An impossible question to answer..
If there were no changes in keyboardist.. no doubt these threads would disintegrate into vitriol about personnel changes behind the skins.
I liked Mickey's contributions.. I always viewed him as the mad professor w/ sticks, strings and large clubs. I like the soundtrack from Apocalypse now and his use of The Beast in the second set. Sure.. they sounded like ill-timed popcorn poppers at times and had their good and off nights. But when they were on, especially in the later years.. the drums space segment was its own show inside the show.
When it worked, it worked well.. when it didn't, perhaps Jerry or Phil were having a good night so I would focus on them.
One Edit: Keep in mind.. Mickey was in the band from 9/67 through 2/71. There were some mind blowing performances in those years. I guess my take is take it for what it's worth.
Second Edit: I do like the 72 through 74 a whole lot too. Billy had a great perspective on this in his book.
You are correct, the addition of Mickey Hart narrowed the drumming significantly. Billy went from a one man rock / jazz / prog virtuoso, who had room to add his fills and actually steer the band during improv pieces, to a one-two, one-two, one-two layer down of the back beet, while Mickey would throw tom-tom rolls down on top of it (or cowbells). It's just what Jerry wanted or Phil or whoever (certainly not Keith, because this slowly encroached on his musical space within the band). Bob Weir too. He ended up moving toward that thin high end part of the spectrum, just to be heard (his words). Bad move in my opinion. They never should have touched that '74 sound, cuz it was gold. Butterfly effect. People will defend the move and cite a song or two here or there, and sure, Samson and Delilah required two drummers, and b the Let It Grow section sounded awesome in 1977, but by and large, they moved forward with a legacy of old songs that lost their precision with Mickey there. Compare Uncle Johns Band in Winterland 77 to the delicate nuanced touch of Winterland 73, and you hear exactly what the band lost. Sugar Magnolia. Greatest Story Ever Told. It goes on and on, but this is what the decision makers in the band wanted. Even Phil commented that they'd lost the magic after the hiatus. And then by the last 15th years of their career, they were into electronic drums and triggered sounds and the like. I don't get the impression from his book that Bill had any choice. And clearly Keith had no choice what kind of keyboard he was going to play, because he quit the band over it. I would love to know who decided Mickey's return was necessary and why (rom the decision makers, not the opinion columnists).
For those experiencing the same problem:
Using Firefox browser on a Mac OS X system. The problemsolving tactic was to go into my Firefox preferences and allow "3rd party cookies" to be accepted. Doing so allowed the transfer of my shopping cart info from GDM proper to the Warner system.
$77 later I am enrolled to receive this release in November!
Not a great price and not a great selection of shows IMO, but 80s getting represented! I want 80s releases, so my money goes where my mouth is! Let's do some more 80s in 2018!
Maybe people here will think I'm being negative here, but I'm simply being earnest about my impressions below, and not trying to stir up anyone's ire. I'm not much of a musician myself, and so am particularly curious about what others, particularly the more 'musically-sophisticated' think about these (musical) matters. So here goes:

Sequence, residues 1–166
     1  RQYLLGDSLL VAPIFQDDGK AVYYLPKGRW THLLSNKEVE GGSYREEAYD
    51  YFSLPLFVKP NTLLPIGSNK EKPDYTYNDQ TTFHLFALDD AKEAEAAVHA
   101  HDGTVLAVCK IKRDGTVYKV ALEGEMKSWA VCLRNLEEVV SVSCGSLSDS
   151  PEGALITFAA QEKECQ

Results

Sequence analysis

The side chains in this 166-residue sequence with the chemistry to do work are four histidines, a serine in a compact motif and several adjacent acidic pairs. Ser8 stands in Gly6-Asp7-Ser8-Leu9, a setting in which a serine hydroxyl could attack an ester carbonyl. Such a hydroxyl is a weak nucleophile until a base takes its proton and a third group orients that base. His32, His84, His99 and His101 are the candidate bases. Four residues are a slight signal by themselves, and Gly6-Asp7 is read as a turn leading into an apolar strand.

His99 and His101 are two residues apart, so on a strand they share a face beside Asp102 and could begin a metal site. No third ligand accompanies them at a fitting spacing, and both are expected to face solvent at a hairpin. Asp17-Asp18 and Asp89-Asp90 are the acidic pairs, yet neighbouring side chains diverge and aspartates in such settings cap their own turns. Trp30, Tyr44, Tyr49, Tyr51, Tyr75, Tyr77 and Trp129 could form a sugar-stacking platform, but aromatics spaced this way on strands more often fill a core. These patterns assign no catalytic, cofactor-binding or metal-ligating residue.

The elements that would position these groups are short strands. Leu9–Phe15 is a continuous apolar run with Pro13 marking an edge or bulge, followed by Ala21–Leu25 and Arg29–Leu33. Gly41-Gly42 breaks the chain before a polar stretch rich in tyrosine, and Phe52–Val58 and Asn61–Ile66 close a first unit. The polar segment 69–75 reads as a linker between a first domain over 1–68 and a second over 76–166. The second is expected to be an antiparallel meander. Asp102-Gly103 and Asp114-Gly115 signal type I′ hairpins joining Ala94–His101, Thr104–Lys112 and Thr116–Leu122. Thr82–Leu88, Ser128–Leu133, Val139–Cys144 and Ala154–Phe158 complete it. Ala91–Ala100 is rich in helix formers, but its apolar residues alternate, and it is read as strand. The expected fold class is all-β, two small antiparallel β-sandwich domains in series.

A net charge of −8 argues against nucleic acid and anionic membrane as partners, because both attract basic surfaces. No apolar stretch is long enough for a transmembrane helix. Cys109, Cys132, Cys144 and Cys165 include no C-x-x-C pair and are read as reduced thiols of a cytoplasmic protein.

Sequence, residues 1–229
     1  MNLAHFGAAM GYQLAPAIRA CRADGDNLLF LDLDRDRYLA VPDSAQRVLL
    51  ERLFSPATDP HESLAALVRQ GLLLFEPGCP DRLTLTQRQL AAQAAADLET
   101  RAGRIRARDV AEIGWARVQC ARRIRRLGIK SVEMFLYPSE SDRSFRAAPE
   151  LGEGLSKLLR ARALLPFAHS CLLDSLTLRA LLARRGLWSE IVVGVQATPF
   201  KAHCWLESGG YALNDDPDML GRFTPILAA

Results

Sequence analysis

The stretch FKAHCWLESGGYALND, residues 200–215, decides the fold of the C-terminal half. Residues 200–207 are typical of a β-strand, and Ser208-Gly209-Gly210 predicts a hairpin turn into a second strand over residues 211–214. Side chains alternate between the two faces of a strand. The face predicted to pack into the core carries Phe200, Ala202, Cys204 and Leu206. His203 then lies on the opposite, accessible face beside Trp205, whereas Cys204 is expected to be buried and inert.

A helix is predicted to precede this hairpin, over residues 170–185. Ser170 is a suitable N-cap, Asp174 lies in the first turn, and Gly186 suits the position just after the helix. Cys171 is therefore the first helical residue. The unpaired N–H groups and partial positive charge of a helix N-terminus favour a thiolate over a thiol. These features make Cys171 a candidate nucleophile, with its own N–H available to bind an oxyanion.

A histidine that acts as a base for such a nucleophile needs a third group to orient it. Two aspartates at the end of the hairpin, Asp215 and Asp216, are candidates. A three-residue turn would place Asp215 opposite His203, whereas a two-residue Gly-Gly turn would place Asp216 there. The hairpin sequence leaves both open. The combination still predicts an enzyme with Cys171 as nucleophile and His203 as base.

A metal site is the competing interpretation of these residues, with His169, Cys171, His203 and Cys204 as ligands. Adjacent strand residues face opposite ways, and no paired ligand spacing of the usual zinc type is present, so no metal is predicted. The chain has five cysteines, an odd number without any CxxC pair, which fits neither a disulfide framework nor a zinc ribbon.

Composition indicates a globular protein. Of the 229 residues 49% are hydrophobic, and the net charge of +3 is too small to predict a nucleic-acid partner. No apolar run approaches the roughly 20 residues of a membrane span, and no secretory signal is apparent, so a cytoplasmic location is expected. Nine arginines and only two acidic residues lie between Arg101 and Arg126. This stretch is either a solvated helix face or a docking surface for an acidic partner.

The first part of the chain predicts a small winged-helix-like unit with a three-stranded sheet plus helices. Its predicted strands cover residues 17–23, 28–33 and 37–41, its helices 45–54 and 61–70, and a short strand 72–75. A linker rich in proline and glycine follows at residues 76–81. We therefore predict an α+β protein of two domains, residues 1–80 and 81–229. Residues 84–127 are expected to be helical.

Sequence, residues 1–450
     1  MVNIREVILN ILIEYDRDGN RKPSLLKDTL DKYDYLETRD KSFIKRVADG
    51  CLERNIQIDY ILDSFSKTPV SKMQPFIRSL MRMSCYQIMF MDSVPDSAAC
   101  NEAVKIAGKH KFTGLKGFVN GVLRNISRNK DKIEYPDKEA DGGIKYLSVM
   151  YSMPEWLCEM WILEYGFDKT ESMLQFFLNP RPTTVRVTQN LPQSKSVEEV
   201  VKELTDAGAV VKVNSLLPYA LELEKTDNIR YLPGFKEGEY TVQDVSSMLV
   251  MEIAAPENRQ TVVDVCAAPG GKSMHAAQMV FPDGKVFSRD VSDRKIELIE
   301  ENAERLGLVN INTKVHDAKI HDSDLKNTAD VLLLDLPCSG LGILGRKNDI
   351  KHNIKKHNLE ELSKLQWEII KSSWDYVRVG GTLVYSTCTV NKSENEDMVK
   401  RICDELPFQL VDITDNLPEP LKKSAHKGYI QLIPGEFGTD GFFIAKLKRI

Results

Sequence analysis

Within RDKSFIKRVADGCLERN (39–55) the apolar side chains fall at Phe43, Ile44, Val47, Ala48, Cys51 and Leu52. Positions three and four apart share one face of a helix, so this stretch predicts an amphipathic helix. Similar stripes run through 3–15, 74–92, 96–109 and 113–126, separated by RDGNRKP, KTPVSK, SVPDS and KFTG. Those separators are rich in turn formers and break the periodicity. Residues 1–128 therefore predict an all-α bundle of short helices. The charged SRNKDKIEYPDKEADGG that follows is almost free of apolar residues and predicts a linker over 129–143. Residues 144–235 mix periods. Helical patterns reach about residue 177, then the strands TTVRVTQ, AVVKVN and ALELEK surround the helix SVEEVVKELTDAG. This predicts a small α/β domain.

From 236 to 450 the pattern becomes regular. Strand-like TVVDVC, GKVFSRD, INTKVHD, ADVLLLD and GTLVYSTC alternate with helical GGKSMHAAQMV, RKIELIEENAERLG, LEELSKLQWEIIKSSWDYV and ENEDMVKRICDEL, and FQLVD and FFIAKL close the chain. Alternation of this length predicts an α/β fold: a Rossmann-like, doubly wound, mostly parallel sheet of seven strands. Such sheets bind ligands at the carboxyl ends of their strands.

Saw this new box set and, unfamiliar with the shows, immediately went to check them out at the Archive for potential purchase. Out of impulsive curiosity I clicked first on the second night's Other One, a piece I consider a more demanding test of the Dead's playing in the later era. Immediately I had a common response to late 80's and 90s recordings- disappointment with the drumming- particularly with Hart's, from what I could tell from my laptop (for casual show reviewing)- which sounded under-powered and sloppy in its timing/synching with the rest of the band, which made it hard for me to lose myself in the band's playing. This brings up two issues I have with shows during the band's later years- that after '86 or so, the drumming sorta fell off the map for me with most shows, and that after the 70s, Hart's contribution to the band more obviously becomes a liability to my ears.
To preface this- I understand that advancing age may make a drummer's job physically harder than a keyboardist's or string player's, and that later on the other band members had their weaknesses as well, compared with the earlier years- and that substance abuse, changing lifestyles, ambivalence about touring by a certain member etc. certainly impacted the band's onstage creative dynamic, particularly Jerry's towards the end. That being said, when I listen to later-era Dead, the decline in the drumming tends to jump out at me first and be much more often problematic- it's usually less creative, less nuanced, and much less energetic than the earlier years. Were they just not able to keep up their stamina like they used to? Part of this I also attribute to there being two drummers.
While I recognize Hart's contributions to Kreutzmann's early drumming development, plus the excitement and raw energy possible with two drummers, plus the many interesting drum portions of later concerts, I've always felt that Hart's return to the band subtracted from the more articulate, jazzy, and nuanced playing of the solo-Kreutzmann era, particularly as time went on. While it's impossible for me to imagine the Dead's instrumental excellence being possible without Lesh or Weir (and obviously Garcia was beyond crucial), many Heads' favorite era (and mine as well) is the one that also happened to be sans Hart, particularly '72 to '74. Part of that is obviously due to where the band members were in their overall creative and life trajectories, plus the addition of Keith on keys, but part of it I believe is that the sound balance was better with just one drummer, and Kreutzmann could fully develop his strengths as a player. With Hart's return, and after the initial flush of the first few years back in action, to my ears the decline in the drumming becomes more obvious, even clearly 'dumbed down,' partly due to Kreutzmann's having to reasonably synch with someone else playing in his domain- he just couldn't 'stretch out' as much. While the drummers still had many strong nights, the drumming just didn't compare to the early 70s, and by the late 80s it was (on the instrumental side of things) most often the band's weakest link.